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"The defense of life is not at odds with a totally scientific speech in which we can all find common agreements."

Arguments interviews Full Professor Jokin de Irala on the occasion of his upcoming participation in the colloquium Familia y Vida, to be held in Pamplona on November 14 and 15.

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PHOTO: Manuel Castells
03/11/14 12:14 Arguments/ICS

Argumentsa association multidisciplinary dedicated to the resources of catechesis in which more than 150 volunteers, including journalists, professors, university professors and catechists, will celebrate on colloquium Family and Life the days November 14 and 15 in Pamplona. One of the speakers will be Jokin de IralaFull Professor of Preventive Medicine and Public Health of the University of Navarra and researcher main of the project 'Education of affectivity and human sexuality' of the Institute for Culture and Society. On the occasion of his participation in the meeting, the Culture of Life team of Arguments has interviewed him.

- You are a corresponding member of the Pontifical Academy for Life in Rome. What are your duties?

The Pontifical Academy for Life, founded by Pope John Paul II in 1994, has as goal promote the progress of the programs of study and the information and training on the main topics of bioethics, and of law, related to the promotion and defense of life. In my case, I participate as a corresponding member and, given my training in Medicine and Public Health, in the sessions of work and the general assemblies that elaborate texts that have to do with the defense of life from the moment of conception to natural death.

- What are the main challenges the Catholic Church faces today in maintaining its defense of life?

Understanding by "Catholic Church" all of us who are part of it, I think we have the following challenges: not to use our convictions as weapons to judge those who do not think like us; to know how to truly love those we try to explain the truth about the defense of life; to overcome what may be sentiment and ideology in the discussion of abortion and for this we must better understand those who do not think like us; to offer feasible alternatives to abortion to protect motherhood, especially when it takes place in young people who are not prepared for it.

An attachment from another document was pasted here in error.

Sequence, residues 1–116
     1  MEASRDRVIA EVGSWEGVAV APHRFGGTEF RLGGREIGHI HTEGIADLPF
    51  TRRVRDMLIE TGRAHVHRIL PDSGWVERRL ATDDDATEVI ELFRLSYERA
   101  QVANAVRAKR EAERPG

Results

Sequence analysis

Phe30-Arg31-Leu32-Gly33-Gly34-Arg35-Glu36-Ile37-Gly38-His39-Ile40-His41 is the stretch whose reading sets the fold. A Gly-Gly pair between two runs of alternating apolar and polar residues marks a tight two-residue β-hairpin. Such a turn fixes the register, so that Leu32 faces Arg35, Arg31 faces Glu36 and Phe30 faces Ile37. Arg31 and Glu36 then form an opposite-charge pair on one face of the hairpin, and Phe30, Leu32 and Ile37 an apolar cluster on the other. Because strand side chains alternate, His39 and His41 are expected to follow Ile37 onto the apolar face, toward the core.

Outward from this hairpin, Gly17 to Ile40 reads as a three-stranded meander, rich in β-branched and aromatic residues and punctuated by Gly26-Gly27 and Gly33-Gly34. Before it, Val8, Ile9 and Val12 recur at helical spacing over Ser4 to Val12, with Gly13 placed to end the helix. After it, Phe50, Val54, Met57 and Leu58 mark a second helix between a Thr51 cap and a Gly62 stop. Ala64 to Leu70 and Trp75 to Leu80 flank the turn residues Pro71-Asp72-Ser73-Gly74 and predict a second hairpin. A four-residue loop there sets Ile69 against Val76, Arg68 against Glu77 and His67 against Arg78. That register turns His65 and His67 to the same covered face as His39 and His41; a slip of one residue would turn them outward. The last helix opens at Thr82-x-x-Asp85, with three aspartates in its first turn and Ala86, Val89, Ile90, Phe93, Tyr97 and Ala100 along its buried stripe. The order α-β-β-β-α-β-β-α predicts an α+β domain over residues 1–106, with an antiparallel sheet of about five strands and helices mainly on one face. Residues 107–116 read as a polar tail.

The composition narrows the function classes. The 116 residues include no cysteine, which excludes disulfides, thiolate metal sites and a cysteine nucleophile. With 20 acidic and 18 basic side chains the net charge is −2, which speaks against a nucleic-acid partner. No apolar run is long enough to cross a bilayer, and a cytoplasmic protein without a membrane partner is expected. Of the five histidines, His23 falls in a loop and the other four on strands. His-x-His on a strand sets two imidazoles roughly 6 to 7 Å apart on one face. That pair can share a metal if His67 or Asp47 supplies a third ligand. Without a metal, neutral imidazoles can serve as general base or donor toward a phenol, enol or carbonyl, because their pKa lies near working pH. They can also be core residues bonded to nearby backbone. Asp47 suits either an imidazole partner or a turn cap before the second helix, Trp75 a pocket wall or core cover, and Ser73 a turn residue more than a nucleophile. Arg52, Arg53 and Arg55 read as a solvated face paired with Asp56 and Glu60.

- In recent times, it is undeniable that abortion is becoming one of the most controversial issues in public opinion. How could the Church better explain that it does not want to "condemn" women in any way?

Officially, the Church has already clearly shown in its magisterium that it is concerned for the pregnant woman who is considering abortion or for the woman who has already had an abortion and who suffers for having made that decision. It is also concerned about young people who do not make position of the consequences of their sexuality. All of us in the Church can do more for these young people. For example, we can try to better explain the beauty of human sexuality when it is lived in the context of stable love between a man and a woman. Trying to better welcome young people, girls and boys, who are faced with the decision of abortion so that they can truly see that their lives can go forward while letting the unborn continue to live. They are often confused and frightened. If we do not truly welcome these young people, putting ourselves in their shoes and understanding their fears, we can do little to defend the life of the unborn.

- As a university professor, do you think we need to change the way we explain ourselves when defending life?

At the university level I find it very interesting to be able to stay in the scientific speech (both anthropological and from biomedicine). All these topics can be explained very well using scientific language. Fortunately, science is not opposed to a true defense of life.

- The defense of life has very concrete manifestations: euthanasia, embryo selection, experimentation with embryos... Is it necessary to be Catholic to defend life in coherence with human dignity?

Clearly not. There are many non-Catholics, even non-believers, who defend these questions as we do. This is not at odds with a fully scientific speech in which we can all find common agreement.